Remembering Paquirri – the Ronda bullfighter who took Pamplona’s San Fermin festival by storm

Remembering Paquirri – the Ronda bullfighter who took Pamplona’s San Fermin festival by storm

Paul Whitelock attended his first corrida de toros at the age of 21 when he was living in San Sebastián in the Basque country. His Spanish friends urged him to travel inland to Pamplona to the Fiesta de San Fermín, and there he saw his first bullfight. The torero was Paquirri.

The Fiesta de San Fermín is the annual bullfighting festival in Pamplona where every morning at 7.00 am the six bulls for that afternoon’s corrida are run through the streets of the Pyrenean town from the stables to the plaza de toros. Aficionados a los toros, drunks and American tourists run ahead of the bulls to show how brave and macho they are (or stupid!)

There is the odd death, but plenty of gorings and/or tramplings. It’s called the encierro, the running of the bulls.

So, off we went, Jane, Gill and I in the boss’s car – he lent it to me! We drove through the night to arrive before 7.00 am and take up our positions behind the barrier. A gun was fired at 7.00 am and the runners set off, as 100 metres behind the stable doors were opened. Six fearsome looking beasts, weighing half-a-ton each, exited at pace, accompanied by several oxen to help keep the bulls together in a group.

It was all over in no time, as the onrushing people and bulls disgorged into the bullring. There were no deaths or serious injuries that day.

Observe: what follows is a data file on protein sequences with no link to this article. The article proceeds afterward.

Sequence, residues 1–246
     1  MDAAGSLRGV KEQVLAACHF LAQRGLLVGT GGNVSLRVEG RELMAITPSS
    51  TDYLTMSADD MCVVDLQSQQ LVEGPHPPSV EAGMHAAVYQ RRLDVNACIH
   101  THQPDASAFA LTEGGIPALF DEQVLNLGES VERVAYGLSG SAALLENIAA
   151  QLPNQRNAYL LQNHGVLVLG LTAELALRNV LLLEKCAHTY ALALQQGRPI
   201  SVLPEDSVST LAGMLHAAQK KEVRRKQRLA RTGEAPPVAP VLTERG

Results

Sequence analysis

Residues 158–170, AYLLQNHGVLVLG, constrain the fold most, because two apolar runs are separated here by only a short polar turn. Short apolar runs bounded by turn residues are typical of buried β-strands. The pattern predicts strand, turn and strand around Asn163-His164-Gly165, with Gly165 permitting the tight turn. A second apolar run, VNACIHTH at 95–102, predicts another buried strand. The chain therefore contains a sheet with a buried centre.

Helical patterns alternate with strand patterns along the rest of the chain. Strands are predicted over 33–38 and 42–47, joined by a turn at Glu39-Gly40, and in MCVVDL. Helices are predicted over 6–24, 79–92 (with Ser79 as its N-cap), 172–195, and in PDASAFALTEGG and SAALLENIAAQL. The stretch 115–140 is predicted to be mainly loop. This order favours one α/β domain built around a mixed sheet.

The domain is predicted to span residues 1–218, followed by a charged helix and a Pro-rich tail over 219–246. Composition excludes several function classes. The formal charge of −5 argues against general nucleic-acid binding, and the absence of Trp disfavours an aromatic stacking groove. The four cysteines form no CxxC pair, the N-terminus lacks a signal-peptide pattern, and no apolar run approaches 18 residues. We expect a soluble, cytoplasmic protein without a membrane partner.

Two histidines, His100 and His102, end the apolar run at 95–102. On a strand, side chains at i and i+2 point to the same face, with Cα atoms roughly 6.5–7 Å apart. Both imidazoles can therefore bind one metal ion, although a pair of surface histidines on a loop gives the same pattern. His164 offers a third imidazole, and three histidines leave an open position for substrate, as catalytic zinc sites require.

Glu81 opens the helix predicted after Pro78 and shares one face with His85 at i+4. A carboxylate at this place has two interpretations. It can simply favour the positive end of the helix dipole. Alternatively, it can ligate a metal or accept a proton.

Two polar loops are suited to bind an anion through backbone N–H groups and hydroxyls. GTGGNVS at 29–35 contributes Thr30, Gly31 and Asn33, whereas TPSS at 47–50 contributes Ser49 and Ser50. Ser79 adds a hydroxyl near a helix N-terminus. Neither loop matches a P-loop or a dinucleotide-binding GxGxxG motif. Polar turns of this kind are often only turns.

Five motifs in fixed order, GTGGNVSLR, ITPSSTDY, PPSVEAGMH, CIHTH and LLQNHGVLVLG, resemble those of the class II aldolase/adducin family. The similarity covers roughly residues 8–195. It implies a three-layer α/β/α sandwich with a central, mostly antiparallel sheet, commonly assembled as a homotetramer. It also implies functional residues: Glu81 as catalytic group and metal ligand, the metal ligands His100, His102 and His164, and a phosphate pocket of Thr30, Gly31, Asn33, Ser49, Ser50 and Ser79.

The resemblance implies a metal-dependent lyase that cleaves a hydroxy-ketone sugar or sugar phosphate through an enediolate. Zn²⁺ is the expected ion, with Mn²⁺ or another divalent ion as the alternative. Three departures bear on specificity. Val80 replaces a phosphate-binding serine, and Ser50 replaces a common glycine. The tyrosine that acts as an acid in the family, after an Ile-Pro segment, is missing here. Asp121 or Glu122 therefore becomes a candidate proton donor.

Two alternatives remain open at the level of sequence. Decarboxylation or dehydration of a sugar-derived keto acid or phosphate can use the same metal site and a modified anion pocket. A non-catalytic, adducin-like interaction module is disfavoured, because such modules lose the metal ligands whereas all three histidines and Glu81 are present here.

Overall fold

We spent the day wandering around before returning to the plaza de toros for the bullfight, actually six, two bulls for each torero.

Well, I loved it: the atmosphere amongst the packed crowd, the skill and artistry of the toreros and their bravery in making the kill at the end of their 20-minute slot made it a cultural spectacle that I’ve never forgotten. Animal lovers say it’s cruel, an unfair fight. It’s not a sport. Corrida de toros has been mistranslated into English as bullfight. It’s not. Bullfights are reported in the culture pages of Spanish newspapers, not the sports section.

Back to my experience e that afternoon in 1971, the best torero was a little guy called Paquirri, just two years older than me, who went on to become the top bullfighter of his era. I didn’t know it back then, but Paquirri was from Ronda, where I have lived for the last 13 years.

I had not heard of Ronda at that time. I only became aware of the place when I started to read books by Ernest Hemingway. The US journalist and writer was hooked on the bulls. He was a frequent visitor to Pamplona and helped to popularise the Fiesta de San Fermín in the English-speaking world.

Hemingway was also often in Ronda, the home of modern bullfighting. Pedro Romero (1754 – 1839), from the town, “invented” bullfighting on foot. Prior to that the torero rode a horse.

Hemingway’s books on bullfighting include “Fiesta”, “Death in the Afternoon” and “The Sun Also Rises”, all three of which are still in print.


I have since discovered more about Paquirri. He is part of a bullfighting dynasty. His father Antonio Ordoñez, himself a top torero in his era, was great friends with Hemingway and also film actor and director Orson Welles, another bullfight fanatic, whose ashes were interred on Ordoñez’ finca near Ronda after his death in 1985.

Paquirri’s two sons were also famous toreros. The older son, Fran Rivera, retired in 2017 to take over the management of the bullring in Ronda.

Younger son Cayetano Rivera, is still active, but coming to the end of a career plagued by injuries, namely gorings.

Paquirri retired, but on an ill-advised comeback at the age of 36, he was badly gored in the ring at Pozoblanco (Córdoba) and died on the spot.

There was a TV movie in 2009 entitled “Paquirri” and a biography “Paquirri, en primera persona: La historia de una herencia”. Available from all good booksellers and

Paul Whitelock

About Paul Whitelock

Paul Whitelock is a retired former languages teacher, school inspector and translator, who emigrated to the Serranía de Ronda in 2008, where he lives with his second wife, Rita. He spends his time between Montejaque and Ronda doing DIY, gardening and writing.